The key behind deciphering the behavior of the German citizens lies in simply observing their behavior, along with Hitler's followers. The primary reason for Hitler's rise to power was the humiliation the Germans felt after the defeat in WW1 and the severe injustice imposed upon them through the Treaty of Versailles. Furthermore, the post economic depression and high rate of unemployment left the ordinary dignity-broken citizen searching for some kind of a savior that would rescue the country from those stern conditions. Hitler, with his sincere voice, sense of national pride and everyman's attitude, reached the hearts of his people and became the great father figure of the German public. Hitler, to Germans at that time, wasn't a mere president but the symbol of the German spirit and all it stood far.
Which explains why thousands of Germans decided to commit suicide after Hitler took his own life. There is one scene where a nurse breaks down, asking Hitler to reconsider killing himself and to lead them again into an imaginary victory. The sequence though that accurately portrays the hypnotic state of the German people during those times takes place when a young eager boy enlists in the army, preparing himself for a cause he mistakenly believes in, and then begins to wise up after seeing the repercussions of the war and the Third Reich's policies. Hitler created this bubble for the Germans to reside in and feel free and natural in to unleash their hidden barbarism and gradually erase in the process their individualistic distinction between right and wrong.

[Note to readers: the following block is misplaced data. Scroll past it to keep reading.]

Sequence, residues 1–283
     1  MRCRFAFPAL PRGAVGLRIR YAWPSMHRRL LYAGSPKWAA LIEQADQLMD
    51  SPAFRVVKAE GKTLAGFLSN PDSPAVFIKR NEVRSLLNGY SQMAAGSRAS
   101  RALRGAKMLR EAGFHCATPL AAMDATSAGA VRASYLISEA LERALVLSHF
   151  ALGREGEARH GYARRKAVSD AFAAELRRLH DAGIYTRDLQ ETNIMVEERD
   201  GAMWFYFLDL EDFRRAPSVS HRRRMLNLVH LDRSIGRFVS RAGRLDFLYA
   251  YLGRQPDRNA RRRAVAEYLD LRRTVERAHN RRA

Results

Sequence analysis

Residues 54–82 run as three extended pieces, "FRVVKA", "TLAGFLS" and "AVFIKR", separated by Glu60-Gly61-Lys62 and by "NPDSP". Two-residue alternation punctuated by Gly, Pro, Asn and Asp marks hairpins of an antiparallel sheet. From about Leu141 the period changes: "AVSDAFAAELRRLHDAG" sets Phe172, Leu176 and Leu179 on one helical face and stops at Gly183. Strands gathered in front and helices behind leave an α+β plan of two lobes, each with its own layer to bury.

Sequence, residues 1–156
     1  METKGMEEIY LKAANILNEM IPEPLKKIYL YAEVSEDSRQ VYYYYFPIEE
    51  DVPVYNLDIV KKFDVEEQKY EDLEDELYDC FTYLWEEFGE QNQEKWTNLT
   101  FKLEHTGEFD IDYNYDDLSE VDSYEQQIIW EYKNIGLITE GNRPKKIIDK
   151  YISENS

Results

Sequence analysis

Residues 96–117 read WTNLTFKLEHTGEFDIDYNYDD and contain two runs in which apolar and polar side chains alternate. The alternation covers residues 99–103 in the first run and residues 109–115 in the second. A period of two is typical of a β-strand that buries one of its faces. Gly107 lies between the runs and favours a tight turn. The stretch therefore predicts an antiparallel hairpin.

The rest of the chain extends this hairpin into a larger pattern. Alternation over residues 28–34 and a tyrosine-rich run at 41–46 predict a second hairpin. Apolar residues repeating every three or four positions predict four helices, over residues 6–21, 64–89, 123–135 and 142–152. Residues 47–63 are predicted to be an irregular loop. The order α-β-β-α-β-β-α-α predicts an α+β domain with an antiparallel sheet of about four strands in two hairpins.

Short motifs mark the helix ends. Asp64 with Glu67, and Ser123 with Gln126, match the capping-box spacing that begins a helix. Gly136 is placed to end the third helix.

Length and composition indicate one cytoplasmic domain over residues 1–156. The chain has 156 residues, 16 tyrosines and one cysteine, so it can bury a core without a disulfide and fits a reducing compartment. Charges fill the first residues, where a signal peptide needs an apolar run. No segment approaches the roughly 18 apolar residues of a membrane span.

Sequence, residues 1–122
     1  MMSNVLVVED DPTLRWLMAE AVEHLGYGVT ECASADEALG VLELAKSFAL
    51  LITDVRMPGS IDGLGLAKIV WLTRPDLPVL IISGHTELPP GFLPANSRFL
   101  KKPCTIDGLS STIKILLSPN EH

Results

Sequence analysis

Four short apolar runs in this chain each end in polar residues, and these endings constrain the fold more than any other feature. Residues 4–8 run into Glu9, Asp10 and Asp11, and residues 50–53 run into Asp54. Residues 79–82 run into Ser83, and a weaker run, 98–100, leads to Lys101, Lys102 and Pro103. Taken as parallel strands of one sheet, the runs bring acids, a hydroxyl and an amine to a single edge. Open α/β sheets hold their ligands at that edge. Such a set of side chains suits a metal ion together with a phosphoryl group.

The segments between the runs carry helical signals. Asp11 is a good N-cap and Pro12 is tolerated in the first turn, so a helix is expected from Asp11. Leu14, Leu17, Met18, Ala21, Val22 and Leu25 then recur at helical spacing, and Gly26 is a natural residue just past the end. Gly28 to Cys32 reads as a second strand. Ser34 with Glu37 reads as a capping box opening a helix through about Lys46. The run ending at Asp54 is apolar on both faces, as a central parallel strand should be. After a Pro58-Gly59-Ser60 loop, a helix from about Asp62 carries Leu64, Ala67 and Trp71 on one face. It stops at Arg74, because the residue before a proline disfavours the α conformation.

Downfall doesn't attempt to make us sympathize with Hitler and I didn't come out feeling any kind of pity for him; but by emphasizing Hitler's humanism, we come to realize that a man like Hitler was no exception, or a fluke in history. There have been many Hitlers before and will be many more as long as there are leaders like him who are controlled by their own narcissism, believing that the only means to change the world for the better is solely through their own questionable, self-righteous visions.
Finally, the film doesn't try to find excuses for Germans at that time and their actions. Germany, just like many other nations in history, wanted a leader to guide them and grants them the sense of security every citizen requires from its leader, employing any required measures. You don't have to think too long to find similar nations in this so-called civilized world of today, using almost the same practices and recycling the whole tragedy all over again.

Clic here to read the story from its source.